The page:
The stock market rallied Dec. 2, posting its highest weekly gain in 3 years as central banks moved to resolve liquidity issues in Europe, but petroleum prices increased only moderately.
James Zhang at Standard New York Securities Inc., the Standard Bank Group, reported, “Oil moved higher on the back of potential political progress over the Euro-zone debt crisis. The US employment report was also broadly supportive for prices.”
Last week Standard & Poor’s 500 Index fully reversed its Thanksgiving week losses and again is “within shooting distance of being unchanged for the year,” said Olivier Jakob at Petromatrix in Zug, Switzerland. “The rally was extremely strong, with the S&P 500 gaining 7.39% during the week for a year-to-date performance [down] 1.06%.”
On Dec. 5, Italy announced a new austerity program. In addition, French President Nicolas Sarkozy and German Chancellor Angela Merkel met to try to reach agreement on how to save the euro through stricter oversight of government budgets.
Zhang reported, “Oil products climbed faster than crude due to low product inventories, which helped to arrest the recent fall in refining margins. The term structures for both Brent and West Texas Intermediate were broadly unchanged—Brent remains stuck in steep backwardation.”
The latest wave of economic optimism “appears to have caught the market off guard and prompted short-covering,” Zhang said. “Meanwhile, commercial hedgers added to their hedging positions on both sides, as volatility declined.”
He said, “This week the market will remain focused on the [Dec. 9] European Union summit. The European Central Bank is set to cut its benchmark interest again on its meeting this week. For the oil market specifically, tension over Iran remained high, which has kept oil price volatility at an elevated level, and the market bidding tail risks. We expect the oil price to remain heated in the near future as supply shortfalls continue. A general liquidity draw-down towards yearend, however, discourages risk-taking. We take our central scenario till yearend as ‘muddle-along’ with a range-bound bias in price action.”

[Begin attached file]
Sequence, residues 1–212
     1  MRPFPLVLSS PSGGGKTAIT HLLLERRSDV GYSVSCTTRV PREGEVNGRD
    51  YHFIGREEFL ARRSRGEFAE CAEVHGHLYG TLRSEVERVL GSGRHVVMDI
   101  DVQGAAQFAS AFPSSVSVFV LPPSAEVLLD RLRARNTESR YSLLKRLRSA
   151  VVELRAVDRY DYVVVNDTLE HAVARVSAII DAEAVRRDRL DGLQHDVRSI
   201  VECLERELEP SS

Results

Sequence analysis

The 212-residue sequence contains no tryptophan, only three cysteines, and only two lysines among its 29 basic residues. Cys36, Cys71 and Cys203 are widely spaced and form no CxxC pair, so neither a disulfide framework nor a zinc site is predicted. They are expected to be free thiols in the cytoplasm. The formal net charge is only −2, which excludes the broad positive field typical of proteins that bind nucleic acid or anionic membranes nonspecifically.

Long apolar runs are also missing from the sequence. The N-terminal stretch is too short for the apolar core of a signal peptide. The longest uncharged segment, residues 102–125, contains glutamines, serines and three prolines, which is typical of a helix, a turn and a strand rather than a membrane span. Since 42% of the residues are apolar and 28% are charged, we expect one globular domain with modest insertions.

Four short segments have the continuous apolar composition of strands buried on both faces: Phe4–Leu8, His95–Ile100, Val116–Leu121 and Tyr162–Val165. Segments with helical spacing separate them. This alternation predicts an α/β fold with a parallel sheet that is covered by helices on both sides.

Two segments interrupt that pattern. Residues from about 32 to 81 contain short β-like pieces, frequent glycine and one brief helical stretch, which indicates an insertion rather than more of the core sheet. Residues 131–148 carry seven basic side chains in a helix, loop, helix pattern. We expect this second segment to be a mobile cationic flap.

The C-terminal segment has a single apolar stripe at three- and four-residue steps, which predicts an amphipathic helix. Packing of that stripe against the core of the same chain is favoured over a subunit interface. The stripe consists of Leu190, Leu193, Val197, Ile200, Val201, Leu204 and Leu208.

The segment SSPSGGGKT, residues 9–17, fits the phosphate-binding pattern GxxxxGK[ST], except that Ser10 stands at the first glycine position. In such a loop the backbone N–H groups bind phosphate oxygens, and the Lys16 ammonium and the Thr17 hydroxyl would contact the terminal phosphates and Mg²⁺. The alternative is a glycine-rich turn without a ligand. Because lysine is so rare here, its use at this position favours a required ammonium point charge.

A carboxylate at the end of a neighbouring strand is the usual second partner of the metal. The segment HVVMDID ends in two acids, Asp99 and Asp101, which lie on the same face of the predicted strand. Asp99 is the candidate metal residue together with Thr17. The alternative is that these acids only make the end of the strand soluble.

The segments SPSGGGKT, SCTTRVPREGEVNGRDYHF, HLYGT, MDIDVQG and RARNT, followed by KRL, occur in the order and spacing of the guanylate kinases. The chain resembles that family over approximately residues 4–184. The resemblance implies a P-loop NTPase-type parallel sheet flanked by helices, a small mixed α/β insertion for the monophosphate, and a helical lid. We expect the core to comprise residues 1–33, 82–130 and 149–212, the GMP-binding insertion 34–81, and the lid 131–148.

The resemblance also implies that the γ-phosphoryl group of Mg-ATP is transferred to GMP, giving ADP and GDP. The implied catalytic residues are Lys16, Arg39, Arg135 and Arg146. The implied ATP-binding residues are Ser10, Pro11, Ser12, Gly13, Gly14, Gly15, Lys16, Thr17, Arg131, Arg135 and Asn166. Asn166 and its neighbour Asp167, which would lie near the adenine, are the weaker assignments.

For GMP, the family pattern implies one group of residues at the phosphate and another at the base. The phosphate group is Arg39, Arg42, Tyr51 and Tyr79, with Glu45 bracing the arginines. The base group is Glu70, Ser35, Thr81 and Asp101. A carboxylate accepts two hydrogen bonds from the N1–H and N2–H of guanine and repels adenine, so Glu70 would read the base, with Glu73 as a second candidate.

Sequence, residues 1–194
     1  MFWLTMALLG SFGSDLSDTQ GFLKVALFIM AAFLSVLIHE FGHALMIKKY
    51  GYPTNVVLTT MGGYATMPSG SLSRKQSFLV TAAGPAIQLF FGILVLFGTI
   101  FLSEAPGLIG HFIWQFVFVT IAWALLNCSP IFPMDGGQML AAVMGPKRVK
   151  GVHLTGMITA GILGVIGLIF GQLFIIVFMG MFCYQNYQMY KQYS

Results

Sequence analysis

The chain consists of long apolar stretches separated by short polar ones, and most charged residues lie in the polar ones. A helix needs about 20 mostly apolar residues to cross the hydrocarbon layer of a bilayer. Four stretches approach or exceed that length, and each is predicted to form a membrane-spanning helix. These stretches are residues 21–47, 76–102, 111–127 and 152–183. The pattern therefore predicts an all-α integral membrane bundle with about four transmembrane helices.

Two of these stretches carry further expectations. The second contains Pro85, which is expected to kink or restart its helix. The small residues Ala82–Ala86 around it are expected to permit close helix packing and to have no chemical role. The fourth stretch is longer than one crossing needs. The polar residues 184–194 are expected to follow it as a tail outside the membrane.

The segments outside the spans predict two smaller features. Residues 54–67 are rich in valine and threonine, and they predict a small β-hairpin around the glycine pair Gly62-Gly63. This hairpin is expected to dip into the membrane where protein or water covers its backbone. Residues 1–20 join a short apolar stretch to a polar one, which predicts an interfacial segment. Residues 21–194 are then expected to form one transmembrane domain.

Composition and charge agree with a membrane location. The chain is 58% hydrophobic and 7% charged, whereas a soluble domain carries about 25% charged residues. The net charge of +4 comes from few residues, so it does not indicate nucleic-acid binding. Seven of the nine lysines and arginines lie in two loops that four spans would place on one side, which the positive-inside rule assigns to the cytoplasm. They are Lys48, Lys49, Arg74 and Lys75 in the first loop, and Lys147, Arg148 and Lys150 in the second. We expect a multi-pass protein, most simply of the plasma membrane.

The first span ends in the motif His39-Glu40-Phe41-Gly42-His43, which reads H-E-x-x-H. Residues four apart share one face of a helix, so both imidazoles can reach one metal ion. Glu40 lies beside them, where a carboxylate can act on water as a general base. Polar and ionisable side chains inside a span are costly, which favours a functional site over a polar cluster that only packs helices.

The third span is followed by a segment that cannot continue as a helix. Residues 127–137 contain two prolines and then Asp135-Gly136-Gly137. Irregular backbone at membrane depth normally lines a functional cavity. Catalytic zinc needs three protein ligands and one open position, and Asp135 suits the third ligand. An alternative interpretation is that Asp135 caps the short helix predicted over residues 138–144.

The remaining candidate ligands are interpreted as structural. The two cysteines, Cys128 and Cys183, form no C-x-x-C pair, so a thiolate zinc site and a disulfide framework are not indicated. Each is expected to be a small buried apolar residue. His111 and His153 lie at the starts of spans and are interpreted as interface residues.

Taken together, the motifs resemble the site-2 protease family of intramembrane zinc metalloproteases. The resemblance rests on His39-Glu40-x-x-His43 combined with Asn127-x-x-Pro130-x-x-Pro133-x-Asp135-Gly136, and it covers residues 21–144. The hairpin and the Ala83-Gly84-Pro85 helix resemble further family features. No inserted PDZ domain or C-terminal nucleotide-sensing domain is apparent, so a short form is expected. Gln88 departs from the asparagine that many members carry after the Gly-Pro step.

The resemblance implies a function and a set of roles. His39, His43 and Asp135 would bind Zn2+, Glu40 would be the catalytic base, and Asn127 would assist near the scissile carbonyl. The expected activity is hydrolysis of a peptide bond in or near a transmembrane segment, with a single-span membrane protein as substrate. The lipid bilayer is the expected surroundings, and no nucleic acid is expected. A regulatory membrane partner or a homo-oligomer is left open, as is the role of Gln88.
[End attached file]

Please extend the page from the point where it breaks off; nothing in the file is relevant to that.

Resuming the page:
In Houston, analysts with Raymond James & Associates Inc. said, “While the near-term outlook for the oil market remains extremely hazy, our view on the US natural gas market is getting even more bearish. With gas prices now having spent the past few months sub-$4/Mcf, we believe that our prior $4/Mcf price forecast for 2012 was not sufficiently pessimistic. Accordingly, we are taking our 2012 forecast down 50¢ to $3.50/Mcf. We would note that even though our new forecast is likely the low on Wall Street, it is only about 25¢ above the current gas strip. If our assumptions prove to be correct, look for natural gas prices to reach sub-$3/Mcf levels next summer.”
On the oil front they said, “We are again ‘marking to market,’ which this time entails an increase in WTI. Our Brent assumption remains $100/bbl, while our WTI assumption becomes $92.50/bbl (up from $85/bbl). The higher WTI forecast reflects the significantly narrowed WTI-Brent spread as a result of the Seaway pipeline's impending reversal.”
The January and February contracts for benchmark US light, sweet crudes both gained 76¢ to $100.76/bbl and $101.09/bbl, respectively, on the New York Mercantile Exchange. On the US spot market, WTI at Cushing, Okla., also was up 76¢, to $100.96/bbl.
Heating oil for January delivery increased 2.05¢ to $2.99/gal on NYMEX. Reformulated stock for oxygenate blending for the same month rose 5.83¢ to $2.62/gal.
The January natural gas contract lost 6.4¢ to $3.58/MMbtu on NYMEX. On the US spot market, gas at Henry Hub, La., dropped 10.2¢ to $3.37/MMbtu.
In London, the January IPE contract for North Sea Brent increased 95¢ to $109.94/bbl. Gas oil for December advanced $5.25 to $951.25/tonne.
The average price for the Organization of Petroleum Exporting Countries’ basket of 12 benchmark crudes increased 25¢ to $109.66/bbl. So far this year, OPEC’s basket price has averaged $107.49/bbl.
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